Magnetometers respond slowly, compared to the switching time of the program cards. They alone, therefore, are not adequate. Inductive pickup coils can be used to detect more rapid changes of a magnetic field. Such coils develop a voltage output that is proportional to the number of turns in the coil, the cross-sectional area, and the time rate of change of the magnetic field. Figure 2, shows the frequency regions covered by magnetometers (Hall-type) and two types of coils with few and many turns.(5) The coil with a few turns should have inductance low enough to respond to pulses 50 ns or shorter. The coil with many turns is to provide larger signals at the lower frequencies. The inductive pickup coils should also be more sensitive than the program cards; they can be tested with pulsed magnetic fields produced by a pulsed current, of variable duration, applied to a low-inductance coil. Sensitivity can be established for a variety of pulse lengths and applied field orientations.
Fig. 2. Frequency response of Hall magnetometers and inductive pickup coils

Electrostatic Field Detectors
Two sets of parallel wires along the sides of the card, as shown in Figure 3 (page 130), should be used to detect electrostatic fields and arcs.

Recording Instrumentation
One of many possible recording methods is briefly outlined here. The outputs from the magnetometers can be monitored direct with strip chart recorders. The outputs from the magnetic pickup coils and electrostatic field detectors can be amplified and used to trigger threshold detectors, which are preset to levels that correspond to signals from magnetic pulses smaller than those required to alter a program card. The output from the threshold detectors can then be recorded on a multichannel event recorder. Of course, more sophisticated monitoring of all potentially fast signals with video-tape techniques would be an added asset. Naturally, other factors are also necessary, such as continuous video-taping of the region around the magnetic program card, including its inspection before and after its placement in the instrumented region.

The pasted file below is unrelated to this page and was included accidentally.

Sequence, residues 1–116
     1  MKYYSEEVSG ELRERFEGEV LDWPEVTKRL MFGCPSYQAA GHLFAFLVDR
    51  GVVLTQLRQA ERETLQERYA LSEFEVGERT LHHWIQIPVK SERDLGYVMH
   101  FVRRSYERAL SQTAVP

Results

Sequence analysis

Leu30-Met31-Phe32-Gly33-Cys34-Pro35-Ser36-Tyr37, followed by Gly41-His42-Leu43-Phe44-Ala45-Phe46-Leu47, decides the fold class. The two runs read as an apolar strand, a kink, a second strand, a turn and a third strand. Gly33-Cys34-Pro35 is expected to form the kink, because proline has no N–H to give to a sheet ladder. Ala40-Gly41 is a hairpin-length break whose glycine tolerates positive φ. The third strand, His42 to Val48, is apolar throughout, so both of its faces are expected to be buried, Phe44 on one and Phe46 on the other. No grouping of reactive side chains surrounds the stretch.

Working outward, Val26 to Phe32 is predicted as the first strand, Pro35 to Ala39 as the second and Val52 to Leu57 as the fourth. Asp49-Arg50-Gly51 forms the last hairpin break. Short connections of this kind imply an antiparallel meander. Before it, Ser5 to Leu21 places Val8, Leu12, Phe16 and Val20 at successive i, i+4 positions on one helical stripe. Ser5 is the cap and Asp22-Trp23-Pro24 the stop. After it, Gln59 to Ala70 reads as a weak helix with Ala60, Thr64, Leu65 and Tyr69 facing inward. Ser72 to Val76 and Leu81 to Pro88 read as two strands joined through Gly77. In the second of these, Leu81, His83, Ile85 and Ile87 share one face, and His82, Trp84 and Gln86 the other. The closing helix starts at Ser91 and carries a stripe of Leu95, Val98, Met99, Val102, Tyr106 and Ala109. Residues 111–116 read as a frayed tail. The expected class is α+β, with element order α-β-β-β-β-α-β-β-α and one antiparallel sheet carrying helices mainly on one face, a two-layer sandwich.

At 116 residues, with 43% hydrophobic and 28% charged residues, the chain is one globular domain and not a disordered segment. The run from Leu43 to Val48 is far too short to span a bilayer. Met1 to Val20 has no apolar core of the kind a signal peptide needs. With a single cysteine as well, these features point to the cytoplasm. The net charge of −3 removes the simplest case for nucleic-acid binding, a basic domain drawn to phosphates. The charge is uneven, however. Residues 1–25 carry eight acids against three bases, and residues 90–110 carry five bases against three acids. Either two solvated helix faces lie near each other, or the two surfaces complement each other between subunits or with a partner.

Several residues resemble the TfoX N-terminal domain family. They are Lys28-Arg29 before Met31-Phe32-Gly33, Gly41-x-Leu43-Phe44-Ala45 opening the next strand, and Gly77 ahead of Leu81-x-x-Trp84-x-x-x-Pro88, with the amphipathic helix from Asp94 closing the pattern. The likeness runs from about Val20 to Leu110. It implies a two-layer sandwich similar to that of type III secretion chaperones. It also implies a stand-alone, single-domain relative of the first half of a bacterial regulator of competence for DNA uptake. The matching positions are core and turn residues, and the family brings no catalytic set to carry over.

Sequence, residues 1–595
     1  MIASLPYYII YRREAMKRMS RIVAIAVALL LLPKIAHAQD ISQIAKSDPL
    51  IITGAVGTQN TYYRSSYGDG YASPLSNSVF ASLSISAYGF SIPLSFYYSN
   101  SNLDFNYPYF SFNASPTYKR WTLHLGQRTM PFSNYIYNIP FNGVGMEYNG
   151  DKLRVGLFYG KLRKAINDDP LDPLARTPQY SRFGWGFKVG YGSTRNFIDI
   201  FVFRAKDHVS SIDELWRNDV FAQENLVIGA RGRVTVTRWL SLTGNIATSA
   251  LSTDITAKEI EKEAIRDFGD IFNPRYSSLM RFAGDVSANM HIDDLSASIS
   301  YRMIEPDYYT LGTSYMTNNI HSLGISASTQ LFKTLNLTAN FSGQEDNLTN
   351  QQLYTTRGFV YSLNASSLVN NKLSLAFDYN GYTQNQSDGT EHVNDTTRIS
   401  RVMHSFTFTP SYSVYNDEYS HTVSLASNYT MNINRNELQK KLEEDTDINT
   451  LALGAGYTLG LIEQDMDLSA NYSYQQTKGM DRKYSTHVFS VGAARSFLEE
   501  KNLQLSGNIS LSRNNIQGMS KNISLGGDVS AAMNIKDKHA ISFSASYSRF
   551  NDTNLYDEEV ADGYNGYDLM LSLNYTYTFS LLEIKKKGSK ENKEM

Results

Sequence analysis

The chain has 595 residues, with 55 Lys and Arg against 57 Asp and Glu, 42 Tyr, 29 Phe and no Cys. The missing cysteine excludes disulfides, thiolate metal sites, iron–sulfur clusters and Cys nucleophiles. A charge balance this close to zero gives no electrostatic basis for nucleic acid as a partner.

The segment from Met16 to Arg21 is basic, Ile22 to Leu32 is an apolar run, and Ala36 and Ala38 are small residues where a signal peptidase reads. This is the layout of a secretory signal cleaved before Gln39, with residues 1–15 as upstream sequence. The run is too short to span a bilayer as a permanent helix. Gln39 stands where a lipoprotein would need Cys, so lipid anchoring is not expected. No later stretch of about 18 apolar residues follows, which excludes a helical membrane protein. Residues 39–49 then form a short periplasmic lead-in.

A brief description of what might be an unusual erasure of a magnetic program card has been given. On the supposition that an anomalous phenomenon could be the causal mechanism, a possible basic experiment is described: The experiment would ascertain if an erasure is caused by normal mechanisms or not. If known mechanisms are not the cause of erasure, then the anomalous behavior of the magnetic iron oxide film certainly requires further study. If, on the other hand, the erasure is caused by a known mechanism, such as a magnetic field, then its source must be studied.

The same style of pursuit would be scientifically useful in other types of PK study; for example, acoustic emission studies during the bending of metals, and photoelastic analysis during the bending of plastics.
At the time of this writing plans are under discussion for Geller to undergo a series of experiments devised by Ronald Hawke. The first of these tests, if they come about, will be an attempt by Geller to alter or erase information stored on magnetic program cards in the manner outlined in the above paper. If significant results are obtained, then Hawke would like to try two other PK experiments, which he briefly mentions in the closing paragraph of his paper. In one experiment Hawke wants to run sound waves through a metal object Geller is trying to bend. Any deformations in the metal will alter the pattern and intensity of the waves. By studying the differences between the input and output sound waves, Hawke hopes to understand better the mechanism that produces the deformations. He would then like to perform the same general type of experiment while Geller tries to bend plastics; the difference here would be that light waves rather than sound waves would be used as the investigative probe. Geller has consented to participate in such tests, but no definite date has yet been set.

1. A good summary of several areas of PK research with extensive references can be found in Psychic Exploration: A Challenge for Science, E. D. Mitchell, ed. by John White (New York: G. P. Putnam’s, 1974).
2.Product of 3M Company, St. Paul, Minnesota.
3.”Magnetic Tape Erasure – How Serious Is the Threat?” M-CL-237(322)R (Jan. 1972.), Product Communications, 3M Company, St. Paul, Minnesota.
4.A concentrated magnetic field can be obtained for testing by using a very small chip from a magnet.
5.The exact number of turns in each coil would depend on many factors but a typical number would be about 100 for the few-turn coil and 10,000 for the many-turn coil.